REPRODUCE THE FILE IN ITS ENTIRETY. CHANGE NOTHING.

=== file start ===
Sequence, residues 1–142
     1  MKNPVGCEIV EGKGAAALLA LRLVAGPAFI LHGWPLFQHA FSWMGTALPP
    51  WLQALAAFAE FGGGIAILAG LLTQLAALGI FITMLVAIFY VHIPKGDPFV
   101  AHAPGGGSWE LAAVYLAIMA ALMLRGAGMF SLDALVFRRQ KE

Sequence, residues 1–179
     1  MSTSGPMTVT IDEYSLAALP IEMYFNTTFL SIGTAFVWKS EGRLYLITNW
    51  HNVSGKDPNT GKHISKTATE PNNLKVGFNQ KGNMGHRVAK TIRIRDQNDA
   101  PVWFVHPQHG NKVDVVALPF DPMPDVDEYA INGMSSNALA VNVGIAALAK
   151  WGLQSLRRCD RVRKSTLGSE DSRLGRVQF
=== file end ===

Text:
Sequence, residues 1–142
     1  MKNPVGCEIV EGKGAAALLA LRLVAGPAFI LHGWPLFQHA FSWMGTALPP
    51  WLQALAAFAE FGGGIAILAG LLTQLAALGI FITMLVAIFY VHIPKGDPFV
   101  AHAPGGGSWE LAAVYLAIMA ALMLRGAGMF SLDALVFRRQ KE

Sequence, residues 1–179
     1  MSTSGPMTVT IDEYSLAALP IEMYFNTTFL SIGTAFVWKS EGRLYLITNW
    51  HNVSGKDPNT GKHISKTATE PNNLKVGFNQ KGNMGHRVAK TIRIRDQNDA
   101  PVWFVHPQHG NKVDVVALPF DPMPDVDEYA INGMSSNALA VNVGIAALAK
   151  WGLQSLRRCD RVRKSTLGSE DSRLGRVQF